I ran into a problem that I think is a problem with the XMOS compiler. I have filed this to XMOS. But I thought it rather interesting, because then I was forced not to “hide” anything with all 32 bits being zero. That sound like a bad “fence” to me. Just one bit as “pole” would be better I thought. Kind of like a noise sender being switched off, even if zero is just as good a random number as any other.

And when I had a rather good random value (32 bits timer in ten nanoseconds resolution) snap-shot from a button I pressed it, I hoped to be able to not remove any of that nice randomness by setting a bit. (I guess this is a premise: that setting a bit destroys more than inverting a bit. XOR in theory does not lose any energy, and it’s therefore also a cipher. Anybody wanting to get these matters straight to me are welcome!) (Another premise I guess is that I did not think having any conditional test on the input set was a good idea. Also, is this a good premise…?) So I was trying with an xor, which would or would not invert bits. Then I in addition have shifted or not shifted the mask I am xor’ing with.

Still your idea triggered something One bit? When I made the xor-mask be only a single bit, bit number taken from the least significant 5 bits of the incoming random 32 bits bit_pattern, I then would invert bit number [0…31]. (For my case I needed to use only 8 bits, to always have a bit to invert.) And the mask would not be rotated for every of the 256 values I tested as the incoming data set. But I got the same result as xor’ing with anything else, any number of bits. Of 256 input values [0…255]:

128 values ok, 64 missed and then 64 counted two times. No zeroes.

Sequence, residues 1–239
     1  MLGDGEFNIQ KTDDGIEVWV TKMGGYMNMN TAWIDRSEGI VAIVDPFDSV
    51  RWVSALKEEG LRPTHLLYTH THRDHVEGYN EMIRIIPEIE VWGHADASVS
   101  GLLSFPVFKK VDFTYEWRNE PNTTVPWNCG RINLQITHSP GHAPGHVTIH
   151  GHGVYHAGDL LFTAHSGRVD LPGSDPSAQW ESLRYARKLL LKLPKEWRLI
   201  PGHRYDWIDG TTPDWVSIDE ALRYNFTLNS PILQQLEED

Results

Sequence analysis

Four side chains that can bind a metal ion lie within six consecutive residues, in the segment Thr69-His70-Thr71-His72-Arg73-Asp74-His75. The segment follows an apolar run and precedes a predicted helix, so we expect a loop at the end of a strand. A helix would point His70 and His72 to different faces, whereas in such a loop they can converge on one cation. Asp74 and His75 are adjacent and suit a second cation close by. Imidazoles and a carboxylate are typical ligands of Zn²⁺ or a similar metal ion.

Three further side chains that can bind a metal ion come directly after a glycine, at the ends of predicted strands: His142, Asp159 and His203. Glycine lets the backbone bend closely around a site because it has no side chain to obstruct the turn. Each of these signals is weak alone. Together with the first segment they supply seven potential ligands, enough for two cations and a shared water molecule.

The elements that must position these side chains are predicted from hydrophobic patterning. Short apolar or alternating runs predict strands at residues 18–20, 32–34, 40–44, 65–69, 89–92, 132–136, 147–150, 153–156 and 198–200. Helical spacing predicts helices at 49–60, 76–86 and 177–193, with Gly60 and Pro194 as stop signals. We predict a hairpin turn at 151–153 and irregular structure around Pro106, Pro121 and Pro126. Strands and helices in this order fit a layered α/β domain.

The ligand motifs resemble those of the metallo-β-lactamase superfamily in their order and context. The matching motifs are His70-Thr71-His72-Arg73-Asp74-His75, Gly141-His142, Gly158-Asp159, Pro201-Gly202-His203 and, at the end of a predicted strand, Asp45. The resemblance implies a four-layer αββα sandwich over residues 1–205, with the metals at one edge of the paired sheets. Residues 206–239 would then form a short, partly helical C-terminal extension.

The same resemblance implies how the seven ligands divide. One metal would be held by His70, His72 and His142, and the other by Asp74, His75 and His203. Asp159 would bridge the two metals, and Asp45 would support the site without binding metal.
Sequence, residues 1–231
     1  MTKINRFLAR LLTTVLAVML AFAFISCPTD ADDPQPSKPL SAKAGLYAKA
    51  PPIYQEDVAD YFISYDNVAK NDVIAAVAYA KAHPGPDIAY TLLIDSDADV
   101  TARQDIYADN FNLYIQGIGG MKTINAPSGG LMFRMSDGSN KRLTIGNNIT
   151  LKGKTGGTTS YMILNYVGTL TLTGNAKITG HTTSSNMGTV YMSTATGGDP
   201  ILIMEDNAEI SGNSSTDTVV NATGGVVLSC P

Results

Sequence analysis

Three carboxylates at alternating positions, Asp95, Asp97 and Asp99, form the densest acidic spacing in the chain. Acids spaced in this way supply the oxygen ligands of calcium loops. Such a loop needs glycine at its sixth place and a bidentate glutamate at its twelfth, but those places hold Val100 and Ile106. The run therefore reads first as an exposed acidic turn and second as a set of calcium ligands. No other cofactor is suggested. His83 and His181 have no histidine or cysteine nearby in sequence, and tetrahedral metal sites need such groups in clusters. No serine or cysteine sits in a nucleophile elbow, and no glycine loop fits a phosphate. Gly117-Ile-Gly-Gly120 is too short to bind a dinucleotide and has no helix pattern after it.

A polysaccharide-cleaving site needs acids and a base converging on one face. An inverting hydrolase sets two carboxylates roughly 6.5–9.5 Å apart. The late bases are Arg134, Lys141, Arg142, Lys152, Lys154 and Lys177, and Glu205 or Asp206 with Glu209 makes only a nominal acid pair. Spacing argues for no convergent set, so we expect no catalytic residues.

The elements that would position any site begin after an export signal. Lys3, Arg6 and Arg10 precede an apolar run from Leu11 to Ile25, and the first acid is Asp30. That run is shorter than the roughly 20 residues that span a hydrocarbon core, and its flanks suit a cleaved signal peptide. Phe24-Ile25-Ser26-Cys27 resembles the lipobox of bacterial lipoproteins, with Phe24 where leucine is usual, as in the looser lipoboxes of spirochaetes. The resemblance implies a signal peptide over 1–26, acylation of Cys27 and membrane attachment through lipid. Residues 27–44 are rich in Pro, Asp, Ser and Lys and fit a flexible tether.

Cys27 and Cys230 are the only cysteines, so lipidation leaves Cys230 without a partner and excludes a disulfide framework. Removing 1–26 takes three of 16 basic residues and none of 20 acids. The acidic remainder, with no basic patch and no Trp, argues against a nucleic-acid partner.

There probably is something inherent in this algorithm that would map 1/4 of the data space over the other. So I get 50% unique numbers (call them “middle”) and 50% where I cannot tell if the mapped result orignally belonged to “left” or “right” data set. I can live with it. Maybe it’s even rather good.

I will not mark this thread as solve since I may come back with more here in due time. Or wait for some better idea!

Oooh, now you’re deep in the rabbit hole. Generating random numbers is not as easy as it appears to be, and countless systems have been broken as a result of bad random numbers.

I can’t recommend this book enough for learning about the basic dos and don’ts of applied cryptography
No affiliation, it’s just a great book. It’s very approachable to non-experts in the field. It has a chapter on randomness, including a section on “how things can go wrong” :wink:


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Yes, I’m sure I could need that book. Do you know if the rather long errata list (called “Updates”) have been fixed in the eBook version? It’s good with a public errata, but it was rather loong…

(That being said, the random number is not the problem here. I am just using the superfast system clock timer to get something that’s not coming from the random library, even if there should be some kind of HW seed on the xCORE-200. I have a feeling that they have made an even better random generator on the upcoming xcore.ai. (So that the seed also is 100% random, I believe only then is a pseudo-random sequence really useful). I have also been rather interested in nondeterminstic choice in select/case etc. It’s close to the theory of randomness. A blog note here)